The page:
The Mobile Data Association (MDA) has today announced its latest quarterly report on mobile phone usage in the UK. The report covers activity from October 2008 - January 2009 for Text Messaging (SMS) and Picture and Video Messaging (MMS).
The new data is said to show continued growth of both metrics and highlights clear trends in the way both businesses and consumers recognise the respective merits of SMS compared to MMS.
According to MDA, consumers have without question made mobile messaging their own: it connects friends and family, it feeds pictures, video or messages to social media tools. Both SMS and MMS now have a clear place in the connected lives of UK mobile owners.
The trend observed by the MDA in 2008 was the distinct and different uses of SMS vs MMS adopted by consumers. Users clearly see value and use the two technologies in different ways. While SMS is used for conversational activity, MMS is much more ‘event' driven, and this was underlined by the seasonal use of both technologies during the festive period.
160 characters VS a thousand words
The data below highlights the trend for MMS being used for ‘an event', Christmas day and New Years Eve being examples. On Christmas Day a total of 4.4 million MMS messages were sent or 3,000 messages every minute.
Christmas Day 2008
Increase on last year
New Years Eve 2008/9
Increase on last year
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If we examine MMS volumes in November and December, it is clear the increase is associated with the seasonal event:
MMS month on month increases driven by seasonal ‘event':
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It is clear, says MDA, that MMS and SMS will continue to co-exist and be complementary technologies. Based on these trends it is unlikely that MMS will supersede SMS as the volume of ‘conversational' messages will always be greater than those perceived as ‘event' driven requiring a video or picture message. In 2008 MMS has achieved significant momentum and the commitment from mobile operators to offer competitive bundled tariffs will see MMS volumes continue to grow, says MDA.
Speaking about the report findings and data trends, The Mobile Data Association Chairman, Steve Reynolds, said: "It's fascinating to see the evolution of mobile technology, most compelling is the way users define its use and application. The idea that MMS has a distinct role compared to SMS is a great example. It further highlights the enjoyment that mobile technologies bring us all; the ability to connect people through an event or occasion makes mobile an incredibly powerful part of people's lives."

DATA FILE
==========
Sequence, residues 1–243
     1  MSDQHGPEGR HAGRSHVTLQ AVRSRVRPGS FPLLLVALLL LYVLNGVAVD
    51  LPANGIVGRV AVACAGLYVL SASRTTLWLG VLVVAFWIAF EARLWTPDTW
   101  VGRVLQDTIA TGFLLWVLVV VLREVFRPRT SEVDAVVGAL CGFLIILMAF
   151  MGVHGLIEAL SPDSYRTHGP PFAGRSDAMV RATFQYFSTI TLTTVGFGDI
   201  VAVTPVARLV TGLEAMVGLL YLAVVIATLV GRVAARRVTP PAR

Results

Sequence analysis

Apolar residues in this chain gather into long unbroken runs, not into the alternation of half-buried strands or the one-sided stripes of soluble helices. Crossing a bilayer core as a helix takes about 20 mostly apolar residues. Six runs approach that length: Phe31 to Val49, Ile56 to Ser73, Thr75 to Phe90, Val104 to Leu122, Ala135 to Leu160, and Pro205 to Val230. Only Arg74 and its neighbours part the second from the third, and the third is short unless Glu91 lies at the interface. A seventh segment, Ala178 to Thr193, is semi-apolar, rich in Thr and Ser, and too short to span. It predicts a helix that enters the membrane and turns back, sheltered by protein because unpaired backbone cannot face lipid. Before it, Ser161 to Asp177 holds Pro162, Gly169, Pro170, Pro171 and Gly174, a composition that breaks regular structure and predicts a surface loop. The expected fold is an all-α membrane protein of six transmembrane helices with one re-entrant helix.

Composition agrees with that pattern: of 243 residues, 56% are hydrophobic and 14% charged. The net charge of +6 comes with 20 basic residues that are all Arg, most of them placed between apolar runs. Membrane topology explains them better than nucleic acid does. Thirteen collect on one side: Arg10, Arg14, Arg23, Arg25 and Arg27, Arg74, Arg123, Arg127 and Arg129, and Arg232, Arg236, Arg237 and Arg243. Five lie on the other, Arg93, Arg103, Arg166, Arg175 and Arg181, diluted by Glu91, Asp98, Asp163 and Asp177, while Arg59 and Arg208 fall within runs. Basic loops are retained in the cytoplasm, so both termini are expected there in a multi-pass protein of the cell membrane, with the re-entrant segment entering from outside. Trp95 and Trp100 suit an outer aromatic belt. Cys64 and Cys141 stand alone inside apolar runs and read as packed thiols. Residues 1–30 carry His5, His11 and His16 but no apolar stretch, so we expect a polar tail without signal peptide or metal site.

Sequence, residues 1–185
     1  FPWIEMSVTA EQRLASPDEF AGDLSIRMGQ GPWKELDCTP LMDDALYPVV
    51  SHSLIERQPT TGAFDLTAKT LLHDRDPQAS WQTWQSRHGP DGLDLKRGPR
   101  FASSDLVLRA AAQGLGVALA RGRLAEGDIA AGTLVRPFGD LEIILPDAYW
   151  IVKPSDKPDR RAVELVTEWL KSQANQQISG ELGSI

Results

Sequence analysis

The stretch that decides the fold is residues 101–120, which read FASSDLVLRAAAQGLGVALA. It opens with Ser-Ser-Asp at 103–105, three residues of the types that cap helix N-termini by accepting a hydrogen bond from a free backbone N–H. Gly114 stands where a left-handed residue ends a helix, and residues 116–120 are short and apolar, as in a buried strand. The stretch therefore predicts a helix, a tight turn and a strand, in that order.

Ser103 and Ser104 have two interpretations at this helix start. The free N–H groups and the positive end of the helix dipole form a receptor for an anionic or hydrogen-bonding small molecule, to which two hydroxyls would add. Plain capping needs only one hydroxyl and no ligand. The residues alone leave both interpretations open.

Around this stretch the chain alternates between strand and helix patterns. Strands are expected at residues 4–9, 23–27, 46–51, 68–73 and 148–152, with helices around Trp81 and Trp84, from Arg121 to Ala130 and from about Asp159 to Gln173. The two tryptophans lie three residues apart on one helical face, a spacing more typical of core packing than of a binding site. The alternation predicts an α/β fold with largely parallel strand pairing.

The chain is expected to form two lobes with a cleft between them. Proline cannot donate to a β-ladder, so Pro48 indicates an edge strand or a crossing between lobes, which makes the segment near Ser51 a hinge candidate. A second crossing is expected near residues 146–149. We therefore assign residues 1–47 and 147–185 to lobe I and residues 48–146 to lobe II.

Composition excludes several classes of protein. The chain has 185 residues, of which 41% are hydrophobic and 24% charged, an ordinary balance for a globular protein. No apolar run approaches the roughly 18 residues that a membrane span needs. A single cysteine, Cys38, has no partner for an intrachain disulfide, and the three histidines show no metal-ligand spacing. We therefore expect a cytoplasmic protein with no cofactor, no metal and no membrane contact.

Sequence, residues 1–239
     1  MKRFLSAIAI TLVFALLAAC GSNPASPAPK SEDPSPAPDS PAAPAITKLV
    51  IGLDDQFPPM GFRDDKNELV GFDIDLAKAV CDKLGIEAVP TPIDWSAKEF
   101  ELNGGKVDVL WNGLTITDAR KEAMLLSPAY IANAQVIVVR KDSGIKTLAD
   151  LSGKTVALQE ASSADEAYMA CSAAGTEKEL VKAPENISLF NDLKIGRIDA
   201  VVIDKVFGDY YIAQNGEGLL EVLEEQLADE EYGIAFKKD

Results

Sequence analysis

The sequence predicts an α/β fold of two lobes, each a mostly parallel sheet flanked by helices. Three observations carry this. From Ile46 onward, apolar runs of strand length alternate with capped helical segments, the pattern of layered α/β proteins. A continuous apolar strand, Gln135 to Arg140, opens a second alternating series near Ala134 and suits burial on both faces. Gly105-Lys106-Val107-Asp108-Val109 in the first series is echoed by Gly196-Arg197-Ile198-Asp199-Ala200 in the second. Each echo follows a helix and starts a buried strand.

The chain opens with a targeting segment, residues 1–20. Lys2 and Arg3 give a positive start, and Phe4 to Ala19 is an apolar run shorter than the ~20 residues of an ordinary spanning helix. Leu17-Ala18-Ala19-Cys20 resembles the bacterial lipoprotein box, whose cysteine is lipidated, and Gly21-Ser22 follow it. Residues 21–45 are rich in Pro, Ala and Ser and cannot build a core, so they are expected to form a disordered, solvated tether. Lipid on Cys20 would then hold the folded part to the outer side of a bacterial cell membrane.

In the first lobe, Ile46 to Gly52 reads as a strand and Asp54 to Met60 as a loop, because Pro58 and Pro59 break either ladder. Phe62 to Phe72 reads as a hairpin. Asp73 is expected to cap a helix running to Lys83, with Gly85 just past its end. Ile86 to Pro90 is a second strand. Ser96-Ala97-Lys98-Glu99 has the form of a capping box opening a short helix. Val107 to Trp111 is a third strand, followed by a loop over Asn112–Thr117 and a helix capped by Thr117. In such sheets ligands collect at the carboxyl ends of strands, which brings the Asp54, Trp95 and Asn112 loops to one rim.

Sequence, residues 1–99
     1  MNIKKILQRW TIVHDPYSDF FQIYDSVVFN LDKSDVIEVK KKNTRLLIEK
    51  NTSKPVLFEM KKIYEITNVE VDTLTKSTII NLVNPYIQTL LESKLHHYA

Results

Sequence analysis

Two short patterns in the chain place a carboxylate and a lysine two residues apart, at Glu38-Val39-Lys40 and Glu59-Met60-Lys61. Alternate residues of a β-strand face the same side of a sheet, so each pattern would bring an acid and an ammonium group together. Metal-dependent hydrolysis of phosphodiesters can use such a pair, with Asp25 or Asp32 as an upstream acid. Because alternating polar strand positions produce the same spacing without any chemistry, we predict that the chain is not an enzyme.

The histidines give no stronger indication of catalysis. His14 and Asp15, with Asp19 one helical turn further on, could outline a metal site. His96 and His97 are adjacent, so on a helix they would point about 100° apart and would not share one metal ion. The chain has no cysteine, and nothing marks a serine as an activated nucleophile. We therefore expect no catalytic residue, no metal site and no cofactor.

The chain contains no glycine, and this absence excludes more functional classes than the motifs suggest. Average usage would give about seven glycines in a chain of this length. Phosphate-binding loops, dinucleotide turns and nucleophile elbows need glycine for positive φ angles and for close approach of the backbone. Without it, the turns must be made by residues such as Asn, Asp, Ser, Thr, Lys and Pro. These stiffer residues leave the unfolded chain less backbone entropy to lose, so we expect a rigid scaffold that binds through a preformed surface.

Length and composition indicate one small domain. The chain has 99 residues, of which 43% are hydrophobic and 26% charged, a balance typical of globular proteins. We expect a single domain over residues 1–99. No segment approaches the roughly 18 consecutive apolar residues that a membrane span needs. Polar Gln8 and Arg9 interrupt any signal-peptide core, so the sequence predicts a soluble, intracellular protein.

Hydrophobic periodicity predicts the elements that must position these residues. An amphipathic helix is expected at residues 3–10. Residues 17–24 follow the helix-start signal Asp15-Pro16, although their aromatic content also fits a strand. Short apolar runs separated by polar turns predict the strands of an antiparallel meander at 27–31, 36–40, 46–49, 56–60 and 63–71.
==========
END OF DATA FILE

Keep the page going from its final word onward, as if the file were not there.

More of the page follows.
Q4 2008 Statistical findings
The MDA reports are claimed to be unique as they report historical user data, not estimates or predictions, the figures are aggregated from all UK mobile operators.
The report highlights two key areas of mobile data usage:
- Text messaging (SMS)
- Picture and Video messaging (MMS)
Text Messaging (SMS)
Total number of text messages (SMS) sent in:
2008 total 78.9 billion
2007 total 56.9 billion
2006 total 41.8 billion
The statistics can be broken down as follows in 2008:
Year on year growth (2008 vs 2007): 38% growth
Number of text messages sent per day: 216 million
Average number of text messages sent per person: 1,213 (based 65 million active UK mobile devices)
Video and Picture messages (MMS)
Total number of picture messages (MMS) sent in:
2008 total 553 million
2007 total 449 million
2006 total 336 million
These statistics can be broken down as follows in 2008:
Year on year growth (2008 vs 2007): 23% growth
Number of MMS messages sent per day: 1.5 million
Assessing the findings of the MDA's Q4 report, Rob Bamforth, Principal Analyst at Quocirca, said: "Messaging on the move continues to grow and as it does the reasons or purposes widen. While SMS messages allow for quick simple voice call replacement, MMS has different drivers. These often revolve around more specific needs or events. A spike in seasonal use demonstrates one such example but there are others. Celebrations, holidays, and other events are particular applications that will drive more sophisticated use that fits well with MMS and extends messaging beyond simple text to other media."